Theta Pi Software started up way back when I was in high school, programming TI calculators. In fact, it was in one of my high-school math classes that I originally came up with the idea behind the Theta Encryption System, a program for the Texas Instruments TI-83 calculator that enabled someone to electronically encrypt messages. I have always been interested in encryption, and I had noticed in the past that a variety of notes passed among the students were intercepted by the teacher, who would then read them aloud to the class, bringing a calculated amount of embarrassment to the originator. So, to prevent this, I decided to come up with a system of encryption. And, from that and other TI programs, Theta Pi Software was born.
The Theta Pi name was originated based on the limited repertoire of the TI-83 text symbols. Initially, I wanted something that would look cool on a computer screen. I soon discovered that the only 2 special characters were a circular symbol and the symbol for Pi. Initially, I decided that the circular symbol was an Omega, and so the early programs I wrote referred to "Omega Pi" software. It was only later that I discovered the actual name of the character, and so it became Theta Pi software. Later, I tried experimenting with a variety of names, the best of which was probably Virtual Insomniac. This name occasionally appears in some of my products.
I recently had someone email me in a state of confusion, inquiring as to why the country of Taiwan appeared in the new Theta Pi logo. The drawing, in fact, is not of the country Taiwan, but a drawing I did of an organic computer character from the Tenchi Muyo anime series. As it is, the current logo took about 10 minutes to composite, and since certain companies could probably contest the use of their logos, alternate designs are being drafted.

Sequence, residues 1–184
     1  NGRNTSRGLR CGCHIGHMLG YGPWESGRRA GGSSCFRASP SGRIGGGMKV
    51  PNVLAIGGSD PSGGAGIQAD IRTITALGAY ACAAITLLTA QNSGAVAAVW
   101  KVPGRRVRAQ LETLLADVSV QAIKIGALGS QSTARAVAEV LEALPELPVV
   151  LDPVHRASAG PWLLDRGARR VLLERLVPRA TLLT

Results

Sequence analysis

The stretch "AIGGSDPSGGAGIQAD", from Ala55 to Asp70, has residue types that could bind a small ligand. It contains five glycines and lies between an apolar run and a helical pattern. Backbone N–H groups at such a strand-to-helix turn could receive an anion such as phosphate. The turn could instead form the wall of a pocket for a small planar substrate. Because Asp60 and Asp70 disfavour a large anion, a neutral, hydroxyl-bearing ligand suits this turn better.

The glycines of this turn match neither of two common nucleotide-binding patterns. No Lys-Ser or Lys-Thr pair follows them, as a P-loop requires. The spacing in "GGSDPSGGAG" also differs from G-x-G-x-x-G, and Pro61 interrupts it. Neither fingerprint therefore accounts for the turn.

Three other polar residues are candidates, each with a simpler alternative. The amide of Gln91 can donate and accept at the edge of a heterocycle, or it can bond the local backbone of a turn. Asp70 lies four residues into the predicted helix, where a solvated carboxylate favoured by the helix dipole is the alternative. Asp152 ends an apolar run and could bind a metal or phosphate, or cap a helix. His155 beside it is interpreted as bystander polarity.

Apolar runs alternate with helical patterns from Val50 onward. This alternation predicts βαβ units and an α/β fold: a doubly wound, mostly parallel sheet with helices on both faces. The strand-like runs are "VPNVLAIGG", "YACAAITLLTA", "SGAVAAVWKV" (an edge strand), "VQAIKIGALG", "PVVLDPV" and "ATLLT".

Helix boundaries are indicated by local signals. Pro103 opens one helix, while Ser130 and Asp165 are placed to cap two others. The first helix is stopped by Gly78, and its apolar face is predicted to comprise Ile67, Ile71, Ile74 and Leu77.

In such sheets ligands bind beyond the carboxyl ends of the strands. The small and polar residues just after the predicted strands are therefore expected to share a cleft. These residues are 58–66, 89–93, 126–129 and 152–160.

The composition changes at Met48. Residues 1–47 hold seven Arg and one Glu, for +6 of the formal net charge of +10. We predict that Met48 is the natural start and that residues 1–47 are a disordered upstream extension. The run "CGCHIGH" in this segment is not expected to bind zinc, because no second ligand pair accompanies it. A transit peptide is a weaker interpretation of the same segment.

Think you have an interesting design for the Theta Pi logo? Send it in.
None in particular, at first. That's essentially still the same, as everything is now released under the GNU General Public License. This means that you can do whatever you want with these programs, while ensuring that the code behind the programs remains free and accessible to anyone who wants to use it, and that the code is not aboused or restricted for a third party's commercial gain.
The primary reason that I have for writing programs is to solve problems I come across while using my computer. For example, CTGC was created to organize a digital image collection, AsciiWeb was created because I wanted a way to send email securely from campus computer labs without PGP, and RLPassword to create passwords that I would be able to remember. These programs were not designed to be commercial products, hence the limited GUIs and instructions - I am not interested in selling programs for profit. Rather, I am interested in creating programs to make certain things on the computer easier, and make them available to people with similar situations so that they can also benefit from these solutions.
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